Chronic Obstructive Pulmonary Disease Patients’ Symptomatic Experiences

Authors

  • Buachompoo Ekkamart CENTRAL CHEST INSTITUTE OF THAILAND
  • Yaowarat Matchim Faculty of Nursing, Thammasat University
  • Jinpitcha Mamom
  • Piamlarp Sangsayunh

Keywords:

symptomatic experiences, dyspnea, fatigue, insomnia, chronic obstructive pulmonary disease patients

Abstract

Objective: To examine the five most common symptoms found in chronic obstructive pulmonary disease (COPD) patients: dyspnea, fatigue, insomnia, anxiety, and depression.
Design: Descriptive research
Methodology: The participants were 168 COPD patients treated at the COPD Clinic
of the Central Chest Institute of Thailand. The data-collecting instruments were: 1) a demographicrecording form; 2) the Dyspnea, Fatigue, and Insomnia Assessment Scale (DFIAS); and 3) the Hospital Anxiety and Depression Scale (HADS). The data were analysed using descriptive statistics.
Results: The majority of the participants (98.2%) were male aged averagely 71.48
years (SD = 8.71). Moderately severe COPD was detected in 39.3% of the participants. Dyspnea, fatigue, and insomnia were perceived by 100%, 91.7%, and 58.9% of the participants, respectively. Mild dyspnea frequency, moderate dyspnea severity, and mild dyspnea distress were perceived by 63.7%, 48.8%, and 63.1% of the participants, respectively. Overall, 79.2%, 50%, and 79.2% of the participants perceived low degrees of fatigue frequency, severity, and distress, respectively, whilst 44%, 38.1%, and 45.2% confirmed their perception of low degrees of insomnia frequency, severity, and distress. Anxiety and depression, however,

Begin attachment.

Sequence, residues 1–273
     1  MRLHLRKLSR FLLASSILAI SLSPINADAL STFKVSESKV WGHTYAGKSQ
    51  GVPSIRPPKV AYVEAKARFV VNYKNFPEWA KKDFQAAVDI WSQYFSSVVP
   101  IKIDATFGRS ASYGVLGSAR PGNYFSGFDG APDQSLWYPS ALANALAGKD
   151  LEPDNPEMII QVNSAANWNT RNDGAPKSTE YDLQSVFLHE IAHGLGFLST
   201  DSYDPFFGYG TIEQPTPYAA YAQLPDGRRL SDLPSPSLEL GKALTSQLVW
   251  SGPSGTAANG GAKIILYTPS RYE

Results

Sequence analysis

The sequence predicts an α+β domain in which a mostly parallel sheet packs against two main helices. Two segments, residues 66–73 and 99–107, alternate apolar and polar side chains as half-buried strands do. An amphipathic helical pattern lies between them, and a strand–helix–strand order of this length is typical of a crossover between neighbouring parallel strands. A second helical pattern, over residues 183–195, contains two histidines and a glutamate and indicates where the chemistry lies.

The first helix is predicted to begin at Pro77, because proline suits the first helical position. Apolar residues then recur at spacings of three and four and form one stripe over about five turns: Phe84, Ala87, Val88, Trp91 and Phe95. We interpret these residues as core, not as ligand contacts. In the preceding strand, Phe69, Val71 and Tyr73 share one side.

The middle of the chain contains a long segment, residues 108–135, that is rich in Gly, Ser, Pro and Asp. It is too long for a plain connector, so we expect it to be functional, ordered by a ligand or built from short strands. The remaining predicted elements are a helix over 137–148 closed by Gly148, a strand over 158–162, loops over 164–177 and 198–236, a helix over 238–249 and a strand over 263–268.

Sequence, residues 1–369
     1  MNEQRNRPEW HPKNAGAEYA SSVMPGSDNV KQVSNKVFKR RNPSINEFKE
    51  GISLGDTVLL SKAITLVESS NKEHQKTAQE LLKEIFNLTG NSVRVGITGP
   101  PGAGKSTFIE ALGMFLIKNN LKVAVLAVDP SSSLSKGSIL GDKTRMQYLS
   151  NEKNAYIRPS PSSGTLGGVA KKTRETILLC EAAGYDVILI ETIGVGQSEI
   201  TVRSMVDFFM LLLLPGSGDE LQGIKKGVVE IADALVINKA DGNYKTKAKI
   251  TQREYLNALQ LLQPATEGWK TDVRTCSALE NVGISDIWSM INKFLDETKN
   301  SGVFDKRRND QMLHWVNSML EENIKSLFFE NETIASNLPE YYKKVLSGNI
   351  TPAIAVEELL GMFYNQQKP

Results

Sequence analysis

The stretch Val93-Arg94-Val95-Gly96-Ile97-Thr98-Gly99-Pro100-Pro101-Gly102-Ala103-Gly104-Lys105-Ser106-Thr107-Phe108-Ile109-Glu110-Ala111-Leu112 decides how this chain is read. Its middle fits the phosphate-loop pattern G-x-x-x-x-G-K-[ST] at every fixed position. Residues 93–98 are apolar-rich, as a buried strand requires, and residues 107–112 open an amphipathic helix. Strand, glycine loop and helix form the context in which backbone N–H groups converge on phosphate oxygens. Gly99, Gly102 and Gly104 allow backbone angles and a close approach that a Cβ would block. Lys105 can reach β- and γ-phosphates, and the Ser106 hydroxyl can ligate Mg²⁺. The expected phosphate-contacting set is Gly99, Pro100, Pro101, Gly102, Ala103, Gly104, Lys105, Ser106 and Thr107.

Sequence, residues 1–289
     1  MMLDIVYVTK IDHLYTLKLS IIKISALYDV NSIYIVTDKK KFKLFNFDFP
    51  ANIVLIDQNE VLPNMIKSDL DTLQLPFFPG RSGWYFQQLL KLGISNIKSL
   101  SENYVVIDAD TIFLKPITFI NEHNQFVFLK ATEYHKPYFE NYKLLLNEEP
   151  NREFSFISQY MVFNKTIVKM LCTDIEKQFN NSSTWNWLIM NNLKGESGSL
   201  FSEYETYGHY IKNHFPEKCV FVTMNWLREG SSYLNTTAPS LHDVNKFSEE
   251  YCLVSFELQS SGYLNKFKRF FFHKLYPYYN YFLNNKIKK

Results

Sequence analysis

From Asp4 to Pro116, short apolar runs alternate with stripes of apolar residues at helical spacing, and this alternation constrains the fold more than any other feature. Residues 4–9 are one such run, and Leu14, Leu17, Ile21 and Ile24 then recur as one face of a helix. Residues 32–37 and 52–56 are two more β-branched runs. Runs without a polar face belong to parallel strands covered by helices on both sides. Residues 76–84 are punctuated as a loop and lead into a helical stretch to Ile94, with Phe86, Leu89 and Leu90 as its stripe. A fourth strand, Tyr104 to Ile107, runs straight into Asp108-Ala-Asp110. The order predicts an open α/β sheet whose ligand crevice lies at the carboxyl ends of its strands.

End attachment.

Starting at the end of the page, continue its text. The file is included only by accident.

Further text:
were found in only 0.6% of the participants.
Recommendations: This study reflected the importance of conducting dyspnea, fatigue, and insomnia assessment in COPD patients. Nursing care approaches based on empirical evidence are, therefore, advised to provide pharmaco-therapeutic and non-pharmaco-therapeutic support to help COPD patients to effectively manage their symptoms.

Downloads

Download data is not yet available.

References

Wold Health Organization. Chronic obstructive pulmonary disease (COPD). [Internet]. 2018 [cited 2020 Jun 19]; Available from: https://www.who.int/gho/publications/

Thoracic Society of Thailand under Royal Patronage. CPG-COPD. Bangkok: Beyond Enterprise Publisher; 2017. 112 p. (In Thai)

Thai Health Promotion Foundation. [Internet]. 2018 [cited 2020 Jun 19]; Available from:https://www.thaihealth.or.th/

Global Initiative for chronic obstructive lung disease. Pocket guide to COPD diagnosis, management, and prevention. [Internet]. 2019 [cited 2020 Jun 12]; Available from: https://goldcopd.org/